Culms to 90 cm × 2 mm, scabrous. Leaves: sheath fronts spotted red-brown, veinless, plane, apex truncate to convex, membranous; ligule rounded, to 1 mm, free limb to 0.2 mm; blades to 75 cm × 6 mm, shorter than flowering stem. Inflorescences loosely paniculate, 4-12 cm × 15-20 mm, with 10-20 branches proximal branches distinct; the proximal internode to 25 mm; bracts scalelike, not conspicuous, the awn, when present, 15-50 mm. Scales hyaline, red-brown or pale brown, margins colorless, broad, shining, apex acute or mucronate. Anthers with prominent apiculus to 0.5 mm. Perigynia dark brown-black, 3-5-veined abaxially, 0-3-veined adaxially, body ovate to lanceolate, 3-4.5 × 1.5-2 mm, base rounded to cordate, conspicuous basal spongy tissue somewhat distending perigynium; beak 1-1.5 mm. Achenes red-brown, ovate, 1.2-1.5 × 1-1.2 mm, glossy; style base cylindric.
Fruiting Jul-Aug. Stream banks, springs, seeps in desert regions; 600-2700 m; Ariz., Calif., Nev., N.Mex., Tex.; Mexico (Baja California, Sonora).
Carex alma has an unusual combination of characteristics for the section. The conspicuous basal sheaths, the basally spongy perigynia tapering to beak, the hyaline acute scales, and the cylindricly enlarged style bases place the species closer to sect. Vulpinae than to other taxa of sect. Multiflorae. Carex agrostoides, here placed in synonymy with C. alma, has previously been distinguished by the green perigynia and absence of basal spongy tissue. All such specimens, including the type, appear to be immature specimens of C. alma in which spongy tissue and mature perigynium coloration have not developed.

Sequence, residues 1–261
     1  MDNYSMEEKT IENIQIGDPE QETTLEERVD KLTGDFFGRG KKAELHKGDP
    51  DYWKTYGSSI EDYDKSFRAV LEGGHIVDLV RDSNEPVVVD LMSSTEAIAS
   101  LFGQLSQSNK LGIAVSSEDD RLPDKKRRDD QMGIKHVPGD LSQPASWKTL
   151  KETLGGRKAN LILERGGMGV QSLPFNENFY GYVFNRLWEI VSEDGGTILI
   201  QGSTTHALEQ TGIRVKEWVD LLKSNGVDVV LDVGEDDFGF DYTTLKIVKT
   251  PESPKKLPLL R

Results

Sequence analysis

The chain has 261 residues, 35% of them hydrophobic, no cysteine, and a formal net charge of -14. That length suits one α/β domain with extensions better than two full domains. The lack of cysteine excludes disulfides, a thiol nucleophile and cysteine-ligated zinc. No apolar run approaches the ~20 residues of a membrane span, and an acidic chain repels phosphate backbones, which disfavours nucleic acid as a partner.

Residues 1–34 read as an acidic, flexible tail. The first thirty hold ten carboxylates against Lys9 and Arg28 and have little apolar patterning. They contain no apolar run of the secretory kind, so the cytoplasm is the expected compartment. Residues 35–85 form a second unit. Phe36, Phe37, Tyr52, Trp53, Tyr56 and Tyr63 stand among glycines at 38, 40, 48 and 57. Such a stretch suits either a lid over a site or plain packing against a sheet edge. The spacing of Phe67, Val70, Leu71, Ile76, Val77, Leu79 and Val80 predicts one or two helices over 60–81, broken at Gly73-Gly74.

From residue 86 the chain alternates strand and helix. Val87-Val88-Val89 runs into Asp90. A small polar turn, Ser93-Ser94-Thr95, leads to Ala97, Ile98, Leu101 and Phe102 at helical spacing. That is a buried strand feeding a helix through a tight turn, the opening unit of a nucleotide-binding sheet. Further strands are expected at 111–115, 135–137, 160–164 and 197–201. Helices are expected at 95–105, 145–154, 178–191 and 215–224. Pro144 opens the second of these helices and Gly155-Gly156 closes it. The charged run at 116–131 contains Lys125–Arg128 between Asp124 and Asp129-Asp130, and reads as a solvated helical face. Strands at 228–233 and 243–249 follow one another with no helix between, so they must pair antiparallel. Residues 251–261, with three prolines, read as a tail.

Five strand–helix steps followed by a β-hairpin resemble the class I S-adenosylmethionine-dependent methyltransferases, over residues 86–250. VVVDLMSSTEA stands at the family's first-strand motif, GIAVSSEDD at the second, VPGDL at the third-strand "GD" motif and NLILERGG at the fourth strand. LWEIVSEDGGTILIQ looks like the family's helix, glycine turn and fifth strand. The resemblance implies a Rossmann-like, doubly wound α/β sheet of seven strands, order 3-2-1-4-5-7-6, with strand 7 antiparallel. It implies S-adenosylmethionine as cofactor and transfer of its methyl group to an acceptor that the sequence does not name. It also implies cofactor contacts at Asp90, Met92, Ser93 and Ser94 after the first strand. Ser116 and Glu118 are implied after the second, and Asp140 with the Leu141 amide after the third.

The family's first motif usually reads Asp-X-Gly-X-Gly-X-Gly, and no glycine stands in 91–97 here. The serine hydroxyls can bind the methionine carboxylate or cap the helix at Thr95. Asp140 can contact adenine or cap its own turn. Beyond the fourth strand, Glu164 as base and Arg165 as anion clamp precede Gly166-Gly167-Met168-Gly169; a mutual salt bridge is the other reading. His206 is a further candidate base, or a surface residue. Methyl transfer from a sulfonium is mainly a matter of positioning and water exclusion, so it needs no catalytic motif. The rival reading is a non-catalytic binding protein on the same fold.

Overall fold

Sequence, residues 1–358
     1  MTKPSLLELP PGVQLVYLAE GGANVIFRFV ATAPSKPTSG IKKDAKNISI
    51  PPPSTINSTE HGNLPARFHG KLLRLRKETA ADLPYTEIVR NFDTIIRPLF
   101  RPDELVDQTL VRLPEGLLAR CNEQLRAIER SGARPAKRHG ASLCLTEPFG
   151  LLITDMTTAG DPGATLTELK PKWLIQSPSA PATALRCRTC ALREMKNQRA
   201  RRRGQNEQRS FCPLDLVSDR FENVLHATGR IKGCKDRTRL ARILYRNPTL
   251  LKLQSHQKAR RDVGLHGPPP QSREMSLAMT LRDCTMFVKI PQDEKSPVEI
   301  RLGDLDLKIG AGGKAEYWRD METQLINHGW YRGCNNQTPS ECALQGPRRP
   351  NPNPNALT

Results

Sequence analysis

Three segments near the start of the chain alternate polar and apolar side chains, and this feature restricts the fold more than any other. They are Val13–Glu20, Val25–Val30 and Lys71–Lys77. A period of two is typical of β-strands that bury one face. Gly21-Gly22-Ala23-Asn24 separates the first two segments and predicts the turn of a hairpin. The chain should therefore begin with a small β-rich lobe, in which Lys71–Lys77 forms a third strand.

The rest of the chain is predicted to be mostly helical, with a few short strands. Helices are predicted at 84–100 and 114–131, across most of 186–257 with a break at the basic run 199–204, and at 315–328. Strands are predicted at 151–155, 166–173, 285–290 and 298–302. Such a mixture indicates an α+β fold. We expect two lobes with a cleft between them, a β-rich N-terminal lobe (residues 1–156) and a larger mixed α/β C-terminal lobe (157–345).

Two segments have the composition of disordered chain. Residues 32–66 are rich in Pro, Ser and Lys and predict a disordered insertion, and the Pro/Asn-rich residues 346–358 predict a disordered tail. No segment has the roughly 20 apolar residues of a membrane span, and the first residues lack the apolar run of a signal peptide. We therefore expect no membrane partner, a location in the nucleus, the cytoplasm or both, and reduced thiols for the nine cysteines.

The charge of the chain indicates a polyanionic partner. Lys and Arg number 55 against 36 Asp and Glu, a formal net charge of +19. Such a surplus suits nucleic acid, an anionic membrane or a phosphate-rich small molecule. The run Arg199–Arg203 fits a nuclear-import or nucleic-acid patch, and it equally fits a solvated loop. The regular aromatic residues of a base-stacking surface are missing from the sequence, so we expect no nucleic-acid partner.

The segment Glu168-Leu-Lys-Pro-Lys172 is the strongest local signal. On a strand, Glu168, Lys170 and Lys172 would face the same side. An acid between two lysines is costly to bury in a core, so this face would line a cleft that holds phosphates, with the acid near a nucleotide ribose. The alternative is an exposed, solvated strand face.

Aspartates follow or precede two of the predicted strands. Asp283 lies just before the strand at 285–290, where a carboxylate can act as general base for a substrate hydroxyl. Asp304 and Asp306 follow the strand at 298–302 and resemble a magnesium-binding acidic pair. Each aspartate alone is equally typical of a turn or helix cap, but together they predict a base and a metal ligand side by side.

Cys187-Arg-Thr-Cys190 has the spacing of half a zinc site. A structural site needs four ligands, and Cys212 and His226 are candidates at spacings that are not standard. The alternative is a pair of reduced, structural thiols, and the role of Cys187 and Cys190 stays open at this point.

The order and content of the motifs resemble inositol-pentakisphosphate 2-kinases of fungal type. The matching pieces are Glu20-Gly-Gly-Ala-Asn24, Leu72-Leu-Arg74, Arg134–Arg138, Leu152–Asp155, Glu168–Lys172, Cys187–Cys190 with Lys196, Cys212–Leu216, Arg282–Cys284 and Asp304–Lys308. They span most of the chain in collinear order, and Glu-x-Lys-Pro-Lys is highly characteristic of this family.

Martin and Hutchins 1980, Kearney and Peebles 1969
Common Name: grassleaf sedge Duration: Perennial Nativity: Native Lifeform: Graminoid General: Densely clustered with stems to 80 cm tall, scaberulous. Vegetative: Leaves stiff, involute toward the apex, long attenuate. Inflorescence: Numerous spikes that are androgynous, borne in elongated, irregular head with lower spikes typically separated from the rest of the head, pistillate scales green and 3-nerved in the center to nearly white, hyaline on the margins, greenish-yellow or pale brown between, nearly equaling perigynia, perigynia short-stipitate at base, nerveless or nearly so, tapering into white-tipped beak; achenes lenticular. Ecology: Found in dry sites from 4,000-5,000 ft (1219-1524 m); flowers March-June. Notes: Recently circumscribed Carex agrostoides as a synonym according to FNA, however Licher and Rink 2012 argue that southern Arizona species should be subsumed into C. chihuahuensis instead. (Notes: Max Licher and Glenn Rink 2012) Ethnobotany: Unknown Etymology: Carex is the classical Latin name for the genus, while alma means nourishing or beautiful. Synonyms: None Editor: SBuckley, 2010